Thomas L. Brodie writes:
The first commandment of exegesis is that the literary question comes first, before history and theology. History and theology many be more important, and they have rightly been the basic goals of exegesis for centuries, but the first task is to attend to what is certain, to the words on the page, and to the relationships among the words.
He then elaborates in the fine-print of a footnote:
In comparison to theology and history, the literary aspect is more tangible and verifiable. No one has ever seen God, and therefore one is careful speaking about theology. Furthermore, the origin of Christianity is two thousand years away, so one is careful also in speaking about the events of the first century. But the text is here. This means that on an issue such as the evangelists’ possible use of the epistles, the primary guide is not theology, such as the difference between Luke and Paul. Nor is it the primary guide to history, such as a picture of Jesus and of early communities. Rather, it is appropriate to concentrate first of all on the texts and on the relationship between them.
In understanding the texts and the relationship between them the primary guide again is not history or theology: it is literature. Many introductions to the New Testament do not understand this basic principle: they discuss history, sociology, and theology, but not literature. . . . We have forgotten the priority of the literary. (pp.104-5)
Now this sounds wonderfully justifiable. First look at the evidence we have. Study what is before our eyes. That is, the words on the page, how they are put together, their narrative structures and images etc, and compare them with other texts we know or have substantial reasons for thinking from the same era or were part of the same broad set of texts.
Scholars of intertextuality and mimesis versus the traditional scholars
That process should help us understand something of the nature and function of the texts, where and how their words and narratives fit in the broader scheme of things. That’s what Thompson L. Thompson attempted to do in The Messiah Myth; and what Dennis R. MacDonald attempted with The Homeric Epics and the Gospel of Mark; and Brodie himself in The Crucial Bridge (exploring the Elijah-Elisha narrative as the narrative template for the Gospel of Mark).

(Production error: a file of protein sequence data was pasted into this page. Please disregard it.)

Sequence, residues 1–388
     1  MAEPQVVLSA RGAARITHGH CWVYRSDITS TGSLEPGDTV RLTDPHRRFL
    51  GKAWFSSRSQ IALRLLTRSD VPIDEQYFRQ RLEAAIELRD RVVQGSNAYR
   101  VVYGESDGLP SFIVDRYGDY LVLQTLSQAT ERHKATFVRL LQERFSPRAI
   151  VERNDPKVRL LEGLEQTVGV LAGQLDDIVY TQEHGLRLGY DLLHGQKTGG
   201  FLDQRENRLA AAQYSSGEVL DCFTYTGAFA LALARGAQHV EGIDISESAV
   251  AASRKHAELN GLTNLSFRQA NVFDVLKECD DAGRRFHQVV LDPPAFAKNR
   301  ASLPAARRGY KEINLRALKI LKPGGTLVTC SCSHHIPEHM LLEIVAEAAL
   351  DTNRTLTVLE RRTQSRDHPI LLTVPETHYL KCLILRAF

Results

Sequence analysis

Neither MacDonald nor Brodie thinks the Gospel narrative itself is entirely fictitious.
Nonetheless, their method of attending first to the literary nature of the texts in order to understand their nature or character as literature does, to my way of thinking, have decisive implications for questions of the history contained in or lying behind the narrative story of Jesus.
What their approach does is to undermine the assumption that the Gospels were based primarily on “oral tradition” (and a few written snippets such as Q) handed down from the days of real historical events.
Attempts to demonstrate the relationships between the Gospel narratives and other texts, insofar as they are successful, are demolishing any need for the traditional oral links assumed to connect the Gospel narratives with History. If the Gospel narratives can be shown to derive directly or indirectly from other texts, what need is there for assuming they are “recordings” of “oral traditions” that go back to “history”?
Furthermore, once one starts with an understanding of a relationship between a Gospel narrative and a narrative in some other textual source, then questions immediately arise about why those relationships exist, and sometimes the answers may mean that questions about history behind the narrative can never arise. If a narrative can be demonstrated fairly convincingly to be derived from a tale in the Book of Jonah or 2 Kings or Euripides, then is not that the relationship that the historian must explore.
What the historian ends up studying, then, is the culture, the mindset, the ideas, functions of the author or text and the use he/it made of other literature. The historian is left without any evidence to justify him or her opting to assume the narrative additionally contains something historical that must have also come from oral tradition.
Brodie and other scholars who do invest in this literary studies approach to the Gospels may not see it entirely that way, but perhaps their critics do. And maybe that’s why they have so many critics among mainstream NT historical studies.
Others have seen the logic of this
So on the face of it, Brodie’s discussion about the importance and priority of literary study sounds awfully close to what Thompson writes in The Mythic Past (also titled The Bible in History: How Writers Create a Past)